4. Open a console and cd to the folder you downloaded to, or navigate to the folder using your file manager and open a terminal at that location.
  5. In the terminal, type “dpkg-source -x ” and then hit the tab key. If there is only one .dsc file in the directory (as there should be), then the filename will be entered automatically. Hit enter to issue the command, and the source should be extracted. IMPORTANT: most packages are now using the 3.0 (quilt) source format, which applies patches from /debian/patches when this command is issued. The older formats don’t apply the patches until the build command is run. If you wish to avoid the patching with 3.0, just manually extract the debian and orig tarballs, and put the debian folder inside the source–now the patching won’t happen until the build is started.
  6. Type “cd ” and hit tab. The newly created folder’s name should be automatically filled in. Hit enter to change to the source folder.
  7. Type dch -i into the terminal and hit enter. This will open a debian changelog editor in the console with the time/date stamp and your maintainer information already entered (as long as you exported as outlined above in “Setting the Environment”). The debian version of the package will have been incremented, so change it back to the version in the previous entry in the changelog and add the appropriate tag to the end, as follows:
    • M12 Community version: foo_1.1-1mcr120+1
    • Change “UNRELEASED” to “mepis” or “mx” as appropriate. After the asterisk, type “Repackaged (“Packaged” for native MX packages or one where you’ve done the actual original debianization) for MEPIS 12 community repository/ MX 14/ MX 15″ (as appropriate). Hit Ctrl+X to begin to exit the debian changelog editor. Hit “y” to save changes. Then hit Enter to save the changes to the same file. This will return you to the command line prompt. This file may have to be edited more later, if anything must be changed in the code or /debian directory to get the package to build.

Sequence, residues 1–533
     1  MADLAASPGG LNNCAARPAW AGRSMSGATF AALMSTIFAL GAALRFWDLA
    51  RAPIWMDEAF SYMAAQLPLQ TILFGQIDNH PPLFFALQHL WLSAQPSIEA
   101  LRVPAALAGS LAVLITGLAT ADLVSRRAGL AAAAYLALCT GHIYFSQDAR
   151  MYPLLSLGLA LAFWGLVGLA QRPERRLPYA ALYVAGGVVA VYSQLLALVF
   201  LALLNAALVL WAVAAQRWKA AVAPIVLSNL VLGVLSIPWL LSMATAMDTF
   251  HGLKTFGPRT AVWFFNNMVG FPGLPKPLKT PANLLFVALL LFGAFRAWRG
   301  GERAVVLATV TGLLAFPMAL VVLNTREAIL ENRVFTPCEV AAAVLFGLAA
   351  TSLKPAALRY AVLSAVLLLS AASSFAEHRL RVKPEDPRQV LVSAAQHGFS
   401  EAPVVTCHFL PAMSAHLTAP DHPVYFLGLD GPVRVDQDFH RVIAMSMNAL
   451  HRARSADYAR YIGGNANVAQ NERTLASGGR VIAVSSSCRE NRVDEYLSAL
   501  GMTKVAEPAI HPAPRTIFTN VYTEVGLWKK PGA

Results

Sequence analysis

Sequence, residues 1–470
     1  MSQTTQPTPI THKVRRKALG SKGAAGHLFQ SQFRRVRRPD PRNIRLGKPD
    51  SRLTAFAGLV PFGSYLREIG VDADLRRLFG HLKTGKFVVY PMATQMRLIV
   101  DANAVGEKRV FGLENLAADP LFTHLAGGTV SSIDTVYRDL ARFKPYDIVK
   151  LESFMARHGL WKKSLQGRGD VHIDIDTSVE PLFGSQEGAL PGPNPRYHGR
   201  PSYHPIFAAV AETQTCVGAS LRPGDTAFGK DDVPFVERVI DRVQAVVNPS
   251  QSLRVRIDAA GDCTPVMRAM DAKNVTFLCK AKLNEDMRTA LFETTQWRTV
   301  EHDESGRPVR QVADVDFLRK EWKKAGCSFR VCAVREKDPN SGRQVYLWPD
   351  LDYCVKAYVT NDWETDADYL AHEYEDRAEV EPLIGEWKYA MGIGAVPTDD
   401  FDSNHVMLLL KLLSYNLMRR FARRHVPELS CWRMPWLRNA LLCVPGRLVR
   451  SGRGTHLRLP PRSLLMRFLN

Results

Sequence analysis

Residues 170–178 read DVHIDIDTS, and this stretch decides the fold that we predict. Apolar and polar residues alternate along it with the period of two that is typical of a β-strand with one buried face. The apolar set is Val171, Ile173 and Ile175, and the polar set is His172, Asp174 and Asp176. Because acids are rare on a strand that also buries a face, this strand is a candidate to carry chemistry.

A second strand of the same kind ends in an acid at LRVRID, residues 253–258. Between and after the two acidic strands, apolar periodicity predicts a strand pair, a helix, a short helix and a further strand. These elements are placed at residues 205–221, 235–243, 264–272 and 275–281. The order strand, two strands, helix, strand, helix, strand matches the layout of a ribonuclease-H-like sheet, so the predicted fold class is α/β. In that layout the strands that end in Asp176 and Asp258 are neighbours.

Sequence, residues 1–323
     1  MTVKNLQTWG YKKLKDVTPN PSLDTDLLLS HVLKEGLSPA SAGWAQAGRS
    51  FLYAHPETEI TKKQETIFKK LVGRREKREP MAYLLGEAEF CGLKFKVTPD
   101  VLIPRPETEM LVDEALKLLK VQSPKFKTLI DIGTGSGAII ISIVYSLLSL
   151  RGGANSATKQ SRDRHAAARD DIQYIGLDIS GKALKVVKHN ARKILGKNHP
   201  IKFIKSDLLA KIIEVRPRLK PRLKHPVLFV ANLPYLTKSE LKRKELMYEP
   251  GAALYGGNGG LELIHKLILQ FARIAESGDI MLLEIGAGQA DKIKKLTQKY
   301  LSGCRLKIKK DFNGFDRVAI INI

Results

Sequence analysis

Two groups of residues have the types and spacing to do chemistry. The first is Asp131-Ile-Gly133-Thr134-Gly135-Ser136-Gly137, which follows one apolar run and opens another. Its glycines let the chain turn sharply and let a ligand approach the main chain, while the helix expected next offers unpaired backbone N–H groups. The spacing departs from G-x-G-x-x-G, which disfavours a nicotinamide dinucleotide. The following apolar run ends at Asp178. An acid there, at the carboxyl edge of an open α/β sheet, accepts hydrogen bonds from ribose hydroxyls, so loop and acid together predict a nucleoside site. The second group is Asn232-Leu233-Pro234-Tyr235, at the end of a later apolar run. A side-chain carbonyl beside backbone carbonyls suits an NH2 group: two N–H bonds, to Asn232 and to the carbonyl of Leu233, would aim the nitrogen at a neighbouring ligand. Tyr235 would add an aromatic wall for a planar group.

• Type cd debian into the console and hit enter to change to the /debian directory.
    • Open the /debian/control file in a text editor. Watch out for any “” or “” files, you will have to edit those instead, since the build process will convert those to the final control or rules files. Any other “.in” files have the same warning.
    • Add “XSBC-Original-“ before the Maintainer, and make a new line above that that reads “Maintainer: yourDEBFULLNAME <yourDEBEMAIL>”, replacing yourDEBFULLNAME and yourDEBEMAIL with the info you exported as outlined above in “Setting the Environment”. Then, create a line after Uploaders: or (if there is no Uploaders: line, XSBC-Original-Maintainer:) that reads, Bugs: mailto: <yourDEBEMAIL>, again replacing yourDEBEMAIL with what you have exported in your “~/.bashrc” file (see “Setting the Environment”). Save and close the control file.
    • THE CHANGELOG AND CONTROL FILES ARE VERY VERY STRICT ABOUT SYNTAX. An extra whitespace in the wrong place can result in lots of error messages or even halt the build. All kinds of spaces and tabs are allowed in between items in a list, however, such as build-depends. Be careful…
    • Type cd .. into the console and hit enter to return to the source directory.
    • Type su -c ‘/usr/lib/pbuilder/pbuilder-satisfydepends’ This will install all build-dependencies listed in the /debian/control file, as long as they are in the repositories.
    • This will also autoremove any packages marked as such, so check that your desktop environment is not marked as such with su -c ‘apt-get -s autoremove It is normal for many “-dev” packages to be removable, but watch out for your core desktop packages. Consult the packaging whizzes on how to unmark any packages. This may also downgrade some backported libraries to Debian stable versions, just upgrade them back if you wish to have the newer libraries used for your backport. It’s also possible to just manually install missing build-depends in Synaptic or the command line.